The Charity Commission has announced the scope of its statutory inquiry into Oxfam, following reports of sexual misconduct by charity staff in Haiti in 2011.
The Commission opened its inquiry into Oxfam on Monday, following an exposé published in The Times which accused the charity of covering up the use of prostitutes by its aid staff in Haiti following the devastating earthquake in 2010. Allegations of “bullying, harassment, intimidation of Haitian and international staff and serious sexual misconduct” were also levelled at Oxfam staff.
Oxfam said that four members of staff implicated in misconduct were fired, and a further three including the country director at the time left voluntarily during an internal investigation in 2011. It filed a serious incident report at the time, however the Charity Commission has said that Oxfam withheld the seriousness of the allegations against its staff from the regulator. It published the scope of its new inquiry on its website last night.
“The inquiry was opened on 12 February 2018 after the Commission examined documents sent on Monday by Oxfam regarding allegations of misconduct by staff involved in its humanitarian response in Haiti. The Commission has concerns that Oxfam may not have fully and frankly disclosed material details about the allegations at the time in 2011, its handling of the incidents since, and the impact that these have both had on public trust and confidence.”
Michelle Russell, director of investigations, monitoring and enforcement at the Charity Commission, said: “Acting in the public interest as regulator, this inquiry must and will establish the facts about what the charity knew about events in Haiti in 2011, and how it responded at the time and since.
"The inquiry will also help us, and the public, understand Oxfam’s overall approach to safeguarding those who come into contact with the charity – whether they be beneficiaries, staff, volunteers, or the wider communities in which they work. Resolving this is key to upholding public and donor trust and confidence in charity.
"This week Oxfam’s chair Caroline Thomson has given us an unequivocal commitment to co-operating fully with the inquiry to ensure our work progresses thoroughly and speedily and to resolving the issues faced by the charity to restore public trust and confidence in Oxfam”.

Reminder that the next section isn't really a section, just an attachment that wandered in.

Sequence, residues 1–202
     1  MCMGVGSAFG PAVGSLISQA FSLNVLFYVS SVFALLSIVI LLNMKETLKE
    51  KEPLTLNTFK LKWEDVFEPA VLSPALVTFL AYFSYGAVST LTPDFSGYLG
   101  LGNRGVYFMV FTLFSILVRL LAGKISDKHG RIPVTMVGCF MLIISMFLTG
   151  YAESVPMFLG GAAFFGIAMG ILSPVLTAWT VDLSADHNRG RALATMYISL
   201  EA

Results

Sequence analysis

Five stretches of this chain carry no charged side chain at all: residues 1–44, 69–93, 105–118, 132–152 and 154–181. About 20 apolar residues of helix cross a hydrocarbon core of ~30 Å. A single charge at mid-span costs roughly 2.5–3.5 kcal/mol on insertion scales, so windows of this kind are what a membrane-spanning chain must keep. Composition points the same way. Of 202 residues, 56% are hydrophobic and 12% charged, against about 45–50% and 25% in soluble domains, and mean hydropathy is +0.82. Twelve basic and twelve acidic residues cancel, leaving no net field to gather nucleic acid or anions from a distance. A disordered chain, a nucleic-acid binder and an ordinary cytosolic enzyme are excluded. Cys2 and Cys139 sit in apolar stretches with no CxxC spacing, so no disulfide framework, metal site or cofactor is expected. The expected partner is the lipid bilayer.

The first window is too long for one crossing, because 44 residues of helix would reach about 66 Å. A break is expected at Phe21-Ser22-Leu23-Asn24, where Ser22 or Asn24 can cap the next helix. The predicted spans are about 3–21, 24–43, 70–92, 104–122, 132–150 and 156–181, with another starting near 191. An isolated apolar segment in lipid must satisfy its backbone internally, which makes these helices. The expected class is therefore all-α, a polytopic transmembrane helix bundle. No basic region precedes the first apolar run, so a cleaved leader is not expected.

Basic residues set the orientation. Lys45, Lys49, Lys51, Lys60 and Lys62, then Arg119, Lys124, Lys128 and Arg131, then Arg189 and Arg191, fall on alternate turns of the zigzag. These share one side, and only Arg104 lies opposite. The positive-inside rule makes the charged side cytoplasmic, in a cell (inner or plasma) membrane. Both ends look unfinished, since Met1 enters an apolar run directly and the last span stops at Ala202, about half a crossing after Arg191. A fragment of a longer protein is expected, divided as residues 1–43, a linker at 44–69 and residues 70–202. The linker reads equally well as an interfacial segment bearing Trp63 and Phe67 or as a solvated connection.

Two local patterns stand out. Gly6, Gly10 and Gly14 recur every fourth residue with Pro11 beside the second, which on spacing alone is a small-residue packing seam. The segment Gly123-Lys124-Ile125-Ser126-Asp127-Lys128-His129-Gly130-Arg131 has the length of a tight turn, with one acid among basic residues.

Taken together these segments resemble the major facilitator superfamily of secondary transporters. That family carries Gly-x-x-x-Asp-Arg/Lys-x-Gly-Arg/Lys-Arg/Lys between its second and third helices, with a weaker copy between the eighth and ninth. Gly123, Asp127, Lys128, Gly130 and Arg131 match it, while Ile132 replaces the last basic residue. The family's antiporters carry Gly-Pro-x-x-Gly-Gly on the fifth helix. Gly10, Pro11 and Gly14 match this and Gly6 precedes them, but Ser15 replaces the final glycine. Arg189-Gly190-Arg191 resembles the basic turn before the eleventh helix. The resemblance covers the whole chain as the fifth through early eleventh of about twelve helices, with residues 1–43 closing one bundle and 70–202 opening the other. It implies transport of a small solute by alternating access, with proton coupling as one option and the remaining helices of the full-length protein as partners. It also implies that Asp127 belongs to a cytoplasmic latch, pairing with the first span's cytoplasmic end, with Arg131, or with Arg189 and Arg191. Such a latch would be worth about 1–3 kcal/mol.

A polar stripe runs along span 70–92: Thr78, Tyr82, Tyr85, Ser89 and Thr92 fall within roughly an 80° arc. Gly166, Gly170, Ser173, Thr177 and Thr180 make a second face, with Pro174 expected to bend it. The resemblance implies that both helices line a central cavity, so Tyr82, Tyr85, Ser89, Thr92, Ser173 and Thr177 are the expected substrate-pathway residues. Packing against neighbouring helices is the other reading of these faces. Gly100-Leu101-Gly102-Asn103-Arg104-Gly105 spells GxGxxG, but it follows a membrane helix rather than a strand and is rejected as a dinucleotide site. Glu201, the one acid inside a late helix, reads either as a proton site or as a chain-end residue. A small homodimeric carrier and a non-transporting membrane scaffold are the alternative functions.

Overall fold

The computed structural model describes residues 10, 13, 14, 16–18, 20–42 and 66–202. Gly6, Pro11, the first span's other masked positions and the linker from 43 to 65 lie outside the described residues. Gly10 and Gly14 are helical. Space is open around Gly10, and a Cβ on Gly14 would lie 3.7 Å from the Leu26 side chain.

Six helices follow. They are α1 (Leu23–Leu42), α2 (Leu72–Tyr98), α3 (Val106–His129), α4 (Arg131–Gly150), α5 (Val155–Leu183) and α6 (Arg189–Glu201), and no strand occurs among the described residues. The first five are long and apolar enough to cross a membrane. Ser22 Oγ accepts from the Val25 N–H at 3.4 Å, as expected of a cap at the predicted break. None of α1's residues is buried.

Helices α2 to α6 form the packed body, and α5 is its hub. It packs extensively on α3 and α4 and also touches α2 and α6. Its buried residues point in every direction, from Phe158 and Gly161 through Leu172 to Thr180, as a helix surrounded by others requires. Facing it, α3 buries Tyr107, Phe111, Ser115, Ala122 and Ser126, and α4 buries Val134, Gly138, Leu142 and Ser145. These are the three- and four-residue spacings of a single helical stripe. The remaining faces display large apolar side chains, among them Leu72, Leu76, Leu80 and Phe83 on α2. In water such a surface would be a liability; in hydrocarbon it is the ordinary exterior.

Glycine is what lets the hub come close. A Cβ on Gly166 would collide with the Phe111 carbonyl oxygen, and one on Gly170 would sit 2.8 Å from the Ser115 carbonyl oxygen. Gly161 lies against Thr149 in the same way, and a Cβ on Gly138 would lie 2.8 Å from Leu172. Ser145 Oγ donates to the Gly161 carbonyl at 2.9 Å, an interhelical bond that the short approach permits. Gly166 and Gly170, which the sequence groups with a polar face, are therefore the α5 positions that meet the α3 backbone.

Full Commission statement on inquiry
According to the Charity Commission, the purpose of the statutory inquiry is to:
1. examine the charity’s governance (including leadership and culture), its management and its policies and practices with regard to safeguarding, in the context of the applicable law, good practice and its obligations as a charity, both generally and particularly in relation to
- its response, general handling and disclosure to the Commission, statutory funders and other key donors, agencies and stakeholders in relation to serious safeguarding incidents which have taken place since 2011 including its Haiti programme
- its responsibility to provide a safe environment for its beneficiaries, staff and other charity workers in the delivery of its overseas programmes and generally
- its recruitment and supervision of its employees, volunteers and other charity workers
- maintaining its reputation as a major aid charity which can be entrusted with international, governmental and public support and the confidence of its beneficiaries, staff and volunteers
2. scrutinise and review the charity’s progress with implementing the requirements in the action plan agreed with the Commission in 2017 and ensure such other actions that may be required to address the findings from the inquiry’s work are undertaken
The inquiry will also “assess what additional actions will need to be taken by the charity in order to address the findings from the inquiry’s work and to assist in restoring public trust and confidence in Oxfam.”
It will also take in Oxfam’s trading division and “may be amended if other issues emerge during the course of the investigation which raise additional regulatory concerns”.
Allegations of sexual abuse and harassment of volunteers as young as 14 in Oxfam charity shops were made by the charity’s former global head of safeguarding Helen Evans in an interview with Channel 4 on Monday night.
The Commission has called on “anyone with information that could be relevant to the inquiry” to contact its special Oxfam Inquiry email address.